Only use plugs in an emergency situation.
While I agree that using an inside patch is the best way to repair a puncture, I have yet to see proof that plugs cause belt separation. I have always used plugs to repair my own and have done so probably a couple of dozen times in the last 35 years or so. Put many miles on after plugging, never once has a belt separated or the plug failed. I typically run my tires until they are close to the wear bars.

If using a plug causes belt separation then I submit that the person putting the plug in did something improperly.
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Old 04-04-2016, 07:54 PM   #25
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Proper repair methods

Tires properly should be both plugged and patched. The plugging portion seals from water extrusion into the steel belts. Water causes rusting of the belts which leads to breaking of belt strands and separation of tire. The patch properly seals the inner liner preventing slow air loss . Plugging from the outside, though quick and easy, doesn't allow an internal inspection. Tire sidewalls are easily broken down from the deflection of running low, also a penetrating object can protrude and damage a sidewall. Worst case scenario is an explosion upon applying air from internally damage.
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Old 04-04-2016, 08:03 PM   #26
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While I agree that using an inside patch is the best way to repair a puncture, I have yet to see proof that plugs cause belt separation. I have always used plugs to repair my own and have done so probably a couple of dozen times in the last 35 years or so. Put many miles on after plugging, never once has a belt separated or the plug failed. I typically run my tires until they are close to the wear bars.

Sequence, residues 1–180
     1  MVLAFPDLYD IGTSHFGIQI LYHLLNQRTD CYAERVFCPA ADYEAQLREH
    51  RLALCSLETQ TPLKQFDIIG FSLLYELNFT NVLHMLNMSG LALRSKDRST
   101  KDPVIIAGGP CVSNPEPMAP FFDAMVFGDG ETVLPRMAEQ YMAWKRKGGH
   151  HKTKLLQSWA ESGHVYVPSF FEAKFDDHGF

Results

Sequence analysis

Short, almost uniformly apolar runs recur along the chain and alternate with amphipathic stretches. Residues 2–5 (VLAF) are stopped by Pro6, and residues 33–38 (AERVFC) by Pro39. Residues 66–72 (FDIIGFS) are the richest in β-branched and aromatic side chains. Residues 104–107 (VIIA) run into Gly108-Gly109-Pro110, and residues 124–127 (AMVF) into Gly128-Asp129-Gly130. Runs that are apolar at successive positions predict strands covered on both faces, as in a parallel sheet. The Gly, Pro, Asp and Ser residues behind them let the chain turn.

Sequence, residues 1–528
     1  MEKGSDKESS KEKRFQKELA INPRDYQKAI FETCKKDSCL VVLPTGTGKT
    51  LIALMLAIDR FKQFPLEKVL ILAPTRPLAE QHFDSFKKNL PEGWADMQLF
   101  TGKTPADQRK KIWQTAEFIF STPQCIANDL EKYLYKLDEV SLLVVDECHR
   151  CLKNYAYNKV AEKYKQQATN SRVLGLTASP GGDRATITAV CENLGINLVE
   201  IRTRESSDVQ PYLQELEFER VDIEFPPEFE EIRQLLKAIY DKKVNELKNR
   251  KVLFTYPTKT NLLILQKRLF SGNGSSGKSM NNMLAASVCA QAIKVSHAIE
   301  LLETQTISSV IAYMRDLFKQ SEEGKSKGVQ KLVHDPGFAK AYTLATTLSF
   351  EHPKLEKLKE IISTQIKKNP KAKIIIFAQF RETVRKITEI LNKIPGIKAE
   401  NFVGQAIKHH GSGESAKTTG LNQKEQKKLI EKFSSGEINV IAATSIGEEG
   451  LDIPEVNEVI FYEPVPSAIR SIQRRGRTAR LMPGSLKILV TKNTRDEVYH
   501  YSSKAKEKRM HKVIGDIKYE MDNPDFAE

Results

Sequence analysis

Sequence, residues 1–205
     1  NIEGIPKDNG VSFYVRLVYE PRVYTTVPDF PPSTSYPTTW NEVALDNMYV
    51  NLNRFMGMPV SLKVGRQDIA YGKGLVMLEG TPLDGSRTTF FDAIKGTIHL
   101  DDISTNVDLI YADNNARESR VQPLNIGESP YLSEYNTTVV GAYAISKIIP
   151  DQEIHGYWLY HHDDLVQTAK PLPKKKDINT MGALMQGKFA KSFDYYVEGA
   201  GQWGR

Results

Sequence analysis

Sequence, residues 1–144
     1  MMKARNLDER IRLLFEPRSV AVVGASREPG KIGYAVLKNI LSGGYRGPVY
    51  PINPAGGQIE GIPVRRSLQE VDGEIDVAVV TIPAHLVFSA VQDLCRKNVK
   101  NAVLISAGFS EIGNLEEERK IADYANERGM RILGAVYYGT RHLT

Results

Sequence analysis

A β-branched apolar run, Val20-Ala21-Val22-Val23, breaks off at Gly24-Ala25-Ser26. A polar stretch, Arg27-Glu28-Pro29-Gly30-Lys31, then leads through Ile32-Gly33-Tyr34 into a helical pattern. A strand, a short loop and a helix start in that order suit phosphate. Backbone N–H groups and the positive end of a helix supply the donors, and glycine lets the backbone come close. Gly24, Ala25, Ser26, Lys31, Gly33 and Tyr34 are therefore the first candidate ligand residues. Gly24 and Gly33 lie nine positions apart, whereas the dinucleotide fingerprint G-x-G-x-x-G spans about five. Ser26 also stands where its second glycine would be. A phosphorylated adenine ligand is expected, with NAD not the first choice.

If using a plug causes belt separation then I submit that the person putting the plug in did something improperly.
Your personal experience does not reflect the national standard set by tire retailers. If it were a safe way to repair a tire, they would all be doing it. It is far less labor intensive and would save them untold amounts of money in labor to plug tires.
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King Bed with Java Interior, (2X) Yamaha EF2000isV2
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Old 04-04-2016, 08:44 PM   #27
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Originally Posted by rosuzq View Post
Tires properly should be both plugged and patched. The plugging portion seals from water extrusion into the steel belts. Water causes rusting of the belts which leads to breaking of belt strands and separation of tire. The patch properly seals the inner liner preventing slow air loss . Plugging from the outside, though quick and easy, doesn't allow an internal inspection. Tire sidewalls are easily broken down from the deflection of running low, also a penetrating object can protrude and damage a sidewall. Worst case scenario is an explosion upon applying air from internally damage.
Welcome to the forum.